Saturday, September 18, 2010

Improving Life Expectency - Time to increase Retirement Age

According to the Union health ministry’s latest projections, the life expectancy at birth (LEB) — the average number of years to be lived by a group of people born in the same year, in India for Men and Women of different cohorts is as under:
(source: TOI dated September 18th 2010)
India is ranked 139 from among 194 countries for which data is available. The World’s average LEB is 67.2 years (65 for men and 69.2 for women). There are 15 countries with LEB of >80 years (Japan tops the list with 82.6 overall and 86.1 for women), about 100 countries with LEB between 70-80 years (USA is ranked 38th and Russia is ranked 137th ). The lowest LEB is in Swaziland at 39.6 years. The last 50 countries in the list are all from Africa (except Turkmenistan, Bangladesh, Nepal, Afghanistan, Papua New Guinea).
Even though, India stands low in terms of LEB among all nations, the fact remains that (i) there isn’t much difference among the nations- a difference of 2 years covers almost 50 countries and (ii) there has been an impressive improvement in LEB since independence.
The age of retirement in India at the time of independence was 55 years (common for both men and women) and has been increased twice since then. It was made 58 years in 1962 after the war and was again increased to 60 years in 1998.
The issue of further increase of the retirement age becomes very relevant at this point for the country due to both economic and demographic reasons. However, the issue is still open in relation to the possibility of further increase of the retirement age and also to possible trajectory of such increase (how much this age could be increased). Let’s look at the arguments for and against the increase in retirement age:
Arguments in favor of the increase of the retirement age:
· The increase of the retirement age is the most simple way of strengthening the financial stability of pension system due to the decrease of the expenses part of pension system (reduction of the duration of the period in which the pension payments are made), and increase of its revenues part (increase of the duration of the period in which the pension contributions are paid). In other words, the increase of the retirement age leads to the reduction of the pension burden due to the increase of the number of able-bodied population and decrease of the number of old age pensioners.
· The Government, by increasing the retirement age will also defer by that many years the liability of paying pension to employees who were to retire otherwise at 60 years. While salaries will have to continue to be paid, this will be cheaper than paying upfront benefits like gratuity. The fiscal deficit is 6.8 per cent of gross domestic product this year and a two-year lag in paying pensions will help in bridging this. In 1998, when the Government had raised the retirement age from 58 to 60, a move that benefitted 90,000 government servants and 50,000 defense personnel, the retirement of 140,000 employees would have cost Rs 5,200 crore whereas paying salaries costed only Rs 1,493 crore.
· With the increase in longevity, the number of years an able bodied person can work effectively also has gone up. Retiring them at 60 years imply that the person sits idle at a time he/she could have worked for another 5-8 years effectively. In the conditions of gradual population ageing and the possible increase of the life expectancy, the retirement age has to be increased sooner.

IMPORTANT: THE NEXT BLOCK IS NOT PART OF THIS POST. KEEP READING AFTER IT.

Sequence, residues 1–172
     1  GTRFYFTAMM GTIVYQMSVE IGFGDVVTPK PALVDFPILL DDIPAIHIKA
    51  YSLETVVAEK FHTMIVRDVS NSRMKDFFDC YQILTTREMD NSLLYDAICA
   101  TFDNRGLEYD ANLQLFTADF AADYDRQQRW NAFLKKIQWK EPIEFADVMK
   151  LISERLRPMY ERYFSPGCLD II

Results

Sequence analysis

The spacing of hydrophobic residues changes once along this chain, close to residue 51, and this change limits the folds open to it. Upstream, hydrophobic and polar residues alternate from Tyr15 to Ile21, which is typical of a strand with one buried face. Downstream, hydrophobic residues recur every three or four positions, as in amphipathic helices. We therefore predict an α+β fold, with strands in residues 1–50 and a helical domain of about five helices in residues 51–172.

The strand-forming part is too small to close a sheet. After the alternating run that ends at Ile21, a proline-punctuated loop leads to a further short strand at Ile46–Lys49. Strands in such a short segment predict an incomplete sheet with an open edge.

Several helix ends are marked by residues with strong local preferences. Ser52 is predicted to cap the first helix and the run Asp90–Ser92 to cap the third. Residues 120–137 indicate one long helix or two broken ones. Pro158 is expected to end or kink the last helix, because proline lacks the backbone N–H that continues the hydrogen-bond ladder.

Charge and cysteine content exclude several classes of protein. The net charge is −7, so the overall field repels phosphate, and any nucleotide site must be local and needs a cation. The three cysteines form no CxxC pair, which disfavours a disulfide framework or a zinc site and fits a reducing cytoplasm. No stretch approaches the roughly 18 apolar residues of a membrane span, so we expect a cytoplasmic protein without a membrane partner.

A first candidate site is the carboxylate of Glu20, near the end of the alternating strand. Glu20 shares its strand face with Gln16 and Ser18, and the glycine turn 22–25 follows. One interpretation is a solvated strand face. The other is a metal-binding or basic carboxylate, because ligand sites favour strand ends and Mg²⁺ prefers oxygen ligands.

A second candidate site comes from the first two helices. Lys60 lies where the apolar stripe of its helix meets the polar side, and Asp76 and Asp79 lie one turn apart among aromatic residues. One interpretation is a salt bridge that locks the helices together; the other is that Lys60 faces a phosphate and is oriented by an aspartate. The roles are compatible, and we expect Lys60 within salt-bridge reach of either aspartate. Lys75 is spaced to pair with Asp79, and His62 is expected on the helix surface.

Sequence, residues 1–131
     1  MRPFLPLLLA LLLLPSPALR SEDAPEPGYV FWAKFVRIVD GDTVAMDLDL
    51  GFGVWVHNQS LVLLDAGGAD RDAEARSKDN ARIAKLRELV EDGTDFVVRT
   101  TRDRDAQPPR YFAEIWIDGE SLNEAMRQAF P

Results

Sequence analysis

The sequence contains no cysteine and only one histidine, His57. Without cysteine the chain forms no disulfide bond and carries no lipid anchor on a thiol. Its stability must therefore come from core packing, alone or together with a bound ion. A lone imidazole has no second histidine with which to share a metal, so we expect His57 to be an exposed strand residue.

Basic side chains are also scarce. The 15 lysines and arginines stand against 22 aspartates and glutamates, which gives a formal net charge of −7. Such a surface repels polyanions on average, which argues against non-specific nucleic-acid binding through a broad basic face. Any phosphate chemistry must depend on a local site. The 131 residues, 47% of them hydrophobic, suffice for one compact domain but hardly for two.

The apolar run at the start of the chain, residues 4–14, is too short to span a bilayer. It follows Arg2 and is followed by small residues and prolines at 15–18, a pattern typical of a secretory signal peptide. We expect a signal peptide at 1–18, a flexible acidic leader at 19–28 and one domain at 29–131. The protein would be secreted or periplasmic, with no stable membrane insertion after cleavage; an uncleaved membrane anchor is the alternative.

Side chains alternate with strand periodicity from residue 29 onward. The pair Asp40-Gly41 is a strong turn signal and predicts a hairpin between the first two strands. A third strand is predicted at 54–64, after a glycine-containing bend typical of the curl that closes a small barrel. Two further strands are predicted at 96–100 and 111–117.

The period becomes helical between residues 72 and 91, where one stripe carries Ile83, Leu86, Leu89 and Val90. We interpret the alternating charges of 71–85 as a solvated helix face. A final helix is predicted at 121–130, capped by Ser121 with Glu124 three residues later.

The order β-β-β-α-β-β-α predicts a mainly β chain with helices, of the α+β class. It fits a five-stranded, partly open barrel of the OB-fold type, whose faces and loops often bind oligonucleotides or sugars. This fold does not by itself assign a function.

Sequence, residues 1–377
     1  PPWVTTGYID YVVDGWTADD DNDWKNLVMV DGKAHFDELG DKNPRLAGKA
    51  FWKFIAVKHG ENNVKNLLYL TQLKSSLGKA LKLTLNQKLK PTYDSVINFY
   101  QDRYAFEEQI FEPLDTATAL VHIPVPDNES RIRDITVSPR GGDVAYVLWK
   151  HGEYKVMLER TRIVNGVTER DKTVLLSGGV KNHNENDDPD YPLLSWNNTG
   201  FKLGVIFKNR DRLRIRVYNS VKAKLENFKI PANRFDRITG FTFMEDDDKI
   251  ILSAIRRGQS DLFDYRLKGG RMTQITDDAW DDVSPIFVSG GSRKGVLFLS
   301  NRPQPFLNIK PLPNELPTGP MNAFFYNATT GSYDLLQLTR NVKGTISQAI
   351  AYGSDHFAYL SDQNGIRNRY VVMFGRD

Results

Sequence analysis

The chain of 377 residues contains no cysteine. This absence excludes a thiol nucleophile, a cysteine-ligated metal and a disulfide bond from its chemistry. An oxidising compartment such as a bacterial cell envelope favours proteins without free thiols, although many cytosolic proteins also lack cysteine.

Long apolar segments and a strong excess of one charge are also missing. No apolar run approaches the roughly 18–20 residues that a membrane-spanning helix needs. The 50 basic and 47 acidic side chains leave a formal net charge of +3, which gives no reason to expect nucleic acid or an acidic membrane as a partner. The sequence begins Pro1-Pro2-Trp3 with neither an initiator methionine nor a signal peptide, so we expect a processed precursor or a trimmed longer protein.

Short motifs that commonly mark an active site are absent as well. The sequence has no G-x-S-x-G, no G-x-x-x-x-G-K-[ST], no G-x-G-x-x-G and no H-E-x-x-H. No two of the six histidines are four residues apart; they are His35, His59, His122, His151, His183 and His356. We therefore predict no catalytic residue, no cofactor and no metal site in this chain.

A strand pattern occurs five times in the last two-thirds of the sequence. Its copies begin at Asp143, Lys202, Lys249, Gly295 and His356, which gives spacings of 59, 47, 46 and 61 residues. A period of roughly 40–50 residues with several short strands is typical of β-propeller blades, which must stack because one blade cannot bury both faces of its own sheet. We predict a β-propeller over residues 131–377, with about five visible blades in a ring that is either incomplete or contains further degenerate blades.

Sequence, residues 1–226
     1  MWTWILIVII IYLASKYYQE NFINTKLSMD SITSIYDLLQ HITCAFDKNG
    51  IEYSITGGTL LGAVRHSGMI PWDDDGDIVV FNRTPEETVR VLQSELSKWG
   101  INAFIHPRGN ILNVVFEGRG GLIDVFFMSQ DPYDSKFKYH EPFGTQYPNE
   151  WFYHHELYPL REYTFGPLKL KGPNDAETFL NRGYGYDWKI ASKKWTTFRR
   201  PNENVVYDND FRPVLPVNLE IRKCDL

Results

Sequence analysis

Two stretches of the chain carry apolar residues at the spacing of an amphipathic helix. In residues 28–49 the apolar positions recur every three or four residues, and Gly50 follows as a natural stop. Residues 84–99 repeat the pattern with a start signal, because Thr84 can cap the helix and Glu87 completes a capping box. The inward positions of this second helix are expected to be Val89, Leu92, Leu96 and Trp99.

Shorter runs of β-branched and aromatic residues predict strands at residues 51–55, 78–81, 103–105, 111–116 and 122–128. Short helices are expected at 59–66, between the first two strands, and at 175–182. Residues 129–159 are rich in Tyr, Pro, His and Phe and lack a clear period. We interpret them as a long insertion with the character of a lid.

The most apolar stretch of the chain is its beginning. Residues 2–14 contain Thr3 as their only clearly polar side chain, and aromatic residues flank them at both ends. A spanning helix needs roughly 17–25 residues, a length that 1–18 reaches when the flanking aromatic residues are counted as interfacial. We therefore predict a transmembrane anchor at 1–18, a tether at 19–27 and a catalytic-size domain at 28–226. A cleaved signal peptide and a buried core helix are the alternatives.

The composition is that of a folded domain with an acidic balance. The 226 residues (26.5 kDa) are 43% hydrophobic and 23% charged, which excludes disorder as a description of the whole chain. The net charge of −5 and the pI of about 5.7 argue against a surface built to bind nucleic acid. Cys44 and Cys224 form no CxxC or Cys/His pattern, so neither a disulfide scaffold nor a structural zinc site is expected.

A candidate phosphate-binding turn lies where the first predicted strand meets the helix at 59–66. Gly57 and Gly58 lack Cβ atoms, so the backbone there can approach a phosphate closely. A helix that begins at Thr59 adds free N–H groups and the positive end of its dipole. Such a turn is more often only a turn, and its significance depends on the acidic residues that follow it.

· Due to increasing urbanization and economic & space constraints, there has been a move towards nuclear families and looking after the aged, especially, if they are not working and ‘dependent’ is becoming a major problem. The numbers of old age homes are increasing. The fact that people are not looked after well in their autumn plays havoc with their dignity and it is distressing seeing them compromise towards the latter half of their lives. It is in this regard that it makes a perfect case to increase the retirement age by at least 5 years by making it 65 years.
· There is also a logic that the State Governments and Private & Corporate Sector will follow suit once the retirement age is increased by the Central Government.
· Number of countries have/are going to increase the retirement age:

Now let’s look at the arguments against increasing the retirement age. India is becoming a country of ‘young people’ with the population bulge in the age group 20-35 years. As a result, the labour market is getting more competitive and the unemployment rate has been on the rise. The issue of depriving these young people of what’s their legitimate claim on employment by postponing it by the number of years the retirement age is pushed further up comes in.
· However, equivalent vacancies are not automatically guaranteed with retirement. There has been a trend since last decade, to ‘right size’ (downsize) the employment and number of jobs, arising out of retirement or additional requirement has been minimal. As such, it makes strong sense to increase the retirement age.
· I strongly feel that retirement age should be increase by 5 years from 60 to 65 years. Alternatively, it can be done in two tranches – from 60 to 62 years now and from 62 years to 65 years in 2025.

1 comment:

  1. What is interesting is that in developed countries like the US, most people are against increasing the retirement age. Governments have failed to increase it in spite of the need to do so due to popular resistance.